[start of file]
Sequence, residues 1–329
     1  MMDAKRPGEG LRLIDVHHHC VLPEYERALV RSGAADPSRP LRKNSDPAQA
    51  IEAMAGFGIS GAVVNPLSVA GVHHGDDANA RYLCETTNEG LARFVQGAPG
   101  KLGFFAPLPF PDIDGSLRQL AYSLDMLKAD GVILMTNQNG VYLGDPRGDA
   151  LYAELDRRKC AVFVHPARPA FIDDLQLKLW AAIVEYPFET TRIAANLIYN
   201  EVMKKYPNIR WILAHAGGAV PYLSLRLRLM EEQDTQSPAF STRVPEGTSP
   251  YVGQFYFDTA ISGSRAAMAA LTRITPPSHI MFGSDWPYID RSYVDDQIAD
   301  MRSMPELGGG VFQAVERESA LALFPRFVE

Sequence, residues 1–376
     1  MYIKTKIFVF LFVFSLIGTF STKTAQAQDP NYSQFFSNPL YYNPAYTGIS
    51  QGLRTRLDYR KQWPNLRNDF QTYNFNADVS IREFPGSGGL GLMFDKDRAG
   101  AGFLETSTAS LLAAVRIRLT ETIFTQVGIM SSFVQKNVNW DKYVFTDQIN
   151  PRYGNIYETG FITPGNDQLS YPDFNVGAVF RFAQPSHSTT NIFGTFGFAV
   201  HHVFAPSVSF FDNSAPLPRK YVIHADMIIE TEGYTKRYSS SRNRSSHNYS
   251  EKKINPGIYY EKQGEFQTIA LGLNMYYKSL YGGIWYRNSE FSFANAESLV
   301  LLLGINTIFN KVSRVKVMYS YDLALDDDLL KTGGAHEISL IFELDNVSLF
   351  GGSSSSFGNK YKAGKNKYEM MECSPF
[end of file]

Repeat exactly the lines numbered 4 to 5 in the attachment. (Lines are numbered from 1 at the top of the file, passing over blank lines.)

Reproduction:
   101  KLGFFAPLPF PDIDGSLRQL AYSLDMLKAD GVILMTNQNG VYLGDPRGDA
   151  LYAELDRRKC AVFVHPARPA FIDDLQLKLW AAIVEYPFET TRIAANLIYN